Objective Bicuspid aortic valve (BAV) is the most common congenital heart disease. This study aimed to determine the prevalence rate of BAV in first-degree relatives (FDR) and the inheritance pattern according to different morphotypes and aortic dilation.
Methods BAV probands were consecutively studied at eight tertiary referral centres. After sequential screening, FDR were included in the study. The BAV morphotype, aortic dilation and aortic phenotype were assessed by transthoracic echocardiography.
Results Seven hundred and twenty-four FDR of 256 BAV probands agreed to undergo family screening. The prevalence of BAV was 6.4% in FDR (9.2% in men, 3.5% in women, p=0.002). Aortic dilation was diagnosed in 9.6% of FRD with tricuspid aortic valves (TAV), with a root phenotype in 2.7% and tubular in 6.9% and more frequently in the presence of arterial hypertension (OR 4.48; CI 95% 2.51 to 7.99; p=0.0001) and valvular regurgitation (OR 5.87, CI 95% 1.37 to 25.16; p=0.025). The heritability (h2) of BAV was highly significant (0.47; p=0.002); however, no concordance was observed among valve morphotypes. Aortic dilation heritability was not significant.
Conclusions The BAV prevalence rate in FDR was low (6.4%) but aortic dilation was observed in 9.6% of FDR with TAV. The heritability of BAV was high without concordance in valve morphotypes, and aortic dilation heritability was not observed. Patients with BAV should be made aware of its familial pattern.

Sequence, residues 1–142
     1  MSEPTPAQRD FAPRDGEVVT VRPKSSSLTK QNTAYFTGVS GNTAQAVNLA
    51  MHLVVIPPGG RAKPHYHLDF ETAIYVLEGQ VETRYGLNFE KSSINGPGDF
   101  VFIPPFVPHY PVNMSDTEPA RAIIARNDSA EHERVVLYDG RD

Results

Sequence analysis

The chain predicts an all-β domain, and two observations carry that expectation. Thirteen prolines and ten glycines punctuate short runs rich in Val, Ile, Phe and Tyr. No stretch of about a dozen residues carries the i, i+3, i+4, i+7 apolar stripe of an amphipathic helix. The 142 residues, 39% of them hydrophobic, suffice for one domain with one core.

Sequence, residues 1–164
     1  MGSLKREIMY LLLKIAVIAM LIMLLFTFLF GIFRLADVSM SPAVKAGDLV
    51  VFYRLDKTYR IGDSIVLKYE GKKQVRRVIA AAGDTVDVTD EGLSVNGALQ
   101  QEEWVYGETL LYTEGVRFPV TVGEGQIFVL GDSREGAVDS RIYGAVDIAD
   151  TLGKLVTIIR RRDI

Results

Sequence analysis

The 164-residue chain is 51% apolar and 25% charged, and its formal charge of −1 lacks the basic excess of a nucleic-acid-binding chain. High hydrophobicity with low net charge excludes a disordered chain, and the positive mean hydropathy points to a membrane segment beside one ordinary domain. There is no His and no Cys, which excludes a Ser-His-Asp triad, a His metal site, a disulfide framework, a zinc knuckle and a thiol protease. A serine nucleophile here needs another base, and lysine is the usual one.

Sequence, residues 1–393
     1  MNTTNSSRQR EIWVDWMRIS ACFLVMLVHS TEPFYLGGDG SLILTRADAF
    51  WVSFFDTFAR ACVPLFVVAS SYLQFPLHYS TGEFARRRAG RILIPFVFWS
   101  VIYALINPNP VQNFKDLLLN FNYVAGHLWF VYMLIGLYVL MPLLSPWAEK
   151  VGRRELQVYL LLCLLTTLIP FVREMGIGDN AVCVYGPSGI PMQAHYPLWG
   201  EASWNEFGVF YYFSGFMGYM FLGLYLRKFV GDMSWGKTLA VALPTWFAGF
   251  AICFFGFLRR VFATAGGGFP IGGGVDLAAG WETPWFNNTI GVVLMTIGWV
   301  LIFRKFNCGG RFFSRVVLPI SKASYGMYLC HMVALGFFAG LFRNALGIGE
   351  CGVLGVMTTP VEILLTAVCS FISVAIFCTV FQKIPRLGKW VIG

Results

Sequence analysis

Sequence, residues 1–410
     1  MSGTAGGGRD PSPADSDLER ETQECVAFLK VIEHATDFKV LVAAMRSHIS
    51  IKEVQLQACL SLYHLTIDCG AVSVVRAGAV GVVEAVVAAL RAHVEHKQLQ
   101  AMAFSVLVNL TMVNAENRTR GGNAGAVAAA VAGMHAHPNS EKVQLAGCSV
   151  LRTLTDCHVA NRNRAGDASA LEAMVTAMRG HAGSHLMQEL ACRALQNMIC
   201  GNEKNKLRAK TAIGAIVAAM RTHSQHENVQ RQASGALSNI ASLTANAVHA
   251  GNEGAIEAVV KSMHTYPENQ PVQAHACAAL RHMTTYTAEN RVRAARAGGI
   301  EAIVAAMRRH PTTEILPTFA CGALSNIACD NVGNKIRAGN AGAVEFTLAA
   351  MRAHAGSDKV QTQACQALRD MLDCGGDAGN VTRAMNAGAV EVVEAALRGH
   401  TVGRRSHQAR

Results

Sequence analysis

- aortic and arterial disease
- bicuspid aortic valve
- clinical genetics
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Contributors All co-authors and collaborators agree with the final version of the manuscript submitted and in the information that I have included in the current form.
Funding This work was supported by the grant PI11/01081 (Instituto de Salud Carlos III, Madrid).
Competing interests None declared.
Patient consent Obtained.
Ethics approval CEIC Hospital Vall d’Hebron.
Provenance and peer review Not commissioned; externally peer reviewed.
Collaborators BICUSPID investigators (see online supplementary appendix). This research was possible thanks to the collaboration of patients with BAV, their families and the staff of the following centres: Hospital Universitari Vall d’Hebron (Barcelona), Hospital Universitario Virgen de la Macarena (Sevilla), Hospital Universitario Virgen de la Victoria (Málaga), Hospital Alvaro Cunqueiro (Vigo), Hospital General Universitario Gregorio Marañón (Madrid), Hospital Clínico Universitario Virgen de la Arrixaca (Murcia), Hospital Univesitario 12 de Octubre (Madrid) and Hospital Clínico Universitario de Valladolid (Valladolid).
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